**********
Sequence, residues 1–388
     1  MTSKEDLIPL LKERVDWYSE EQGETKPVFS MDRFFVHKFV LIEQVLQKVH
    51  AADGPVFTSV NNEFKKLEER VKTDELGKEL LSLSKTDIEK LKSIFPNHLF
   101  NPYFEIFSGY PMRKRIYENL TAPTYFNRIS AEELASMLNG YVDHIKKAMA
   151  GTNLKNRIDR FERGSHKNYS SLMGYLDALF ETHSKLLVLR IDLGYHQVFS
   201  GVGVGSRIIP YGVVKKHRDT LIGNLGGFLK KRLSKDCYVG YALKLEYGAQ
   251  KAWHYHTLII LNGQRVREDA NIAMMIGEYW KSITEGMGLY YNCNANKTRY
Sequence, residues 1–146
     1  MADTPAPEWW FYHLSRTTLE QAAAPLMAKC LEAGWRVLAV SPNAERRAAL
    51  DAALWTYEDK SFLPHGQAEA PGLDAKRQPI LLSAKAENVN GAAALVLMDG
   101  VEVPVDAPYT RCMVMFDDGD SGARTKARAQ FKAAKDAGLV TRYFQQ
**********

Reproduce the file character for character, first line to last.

Sequence, residues 1–388
     1  MTSKEDLIPL LKERVDWYSE EQGETKPVFS MDRFFVHKFV LIEQVLQKVH
    51  AADGPVFTSV NNEFKKLEER VKTDELGKEL LSLSKTDIEK LKSIFPNHLF
   101  NPYFEIFSGY PMRKRIYENL TAPTYFNRIS AEELASMLNG YVDHIKKAMA
   151  GTNLKNRIDR FERGSHKNYS SLMGYLDALF ETHSKLLVLR IDLGYHQVFS
   201  GVGVGSRIIP YGVVKKHRDT LIGNLGGFLK KRLSKDCYVG YALKLEYGAQ
   251  KAWHYHTLII LNGQRVREDA NIAMMIGEYW KSITEGMGLY YNCNANKTRY
Sequence, residues 1–146
     1  MADTPAPEWW FYHLSRTTLE QAAAPLMAKC LEAGWRVLAV SPNAERRAAL
    51  DAALWTYEDK SFLPHGQAEA PGLDAKRQPI LLSAKAENVN GAAALVLMDG
   101  VEVPVDAPYT RCMVMFDDGD SGARTKARAQ FKAAKDAGLV TRYFQQ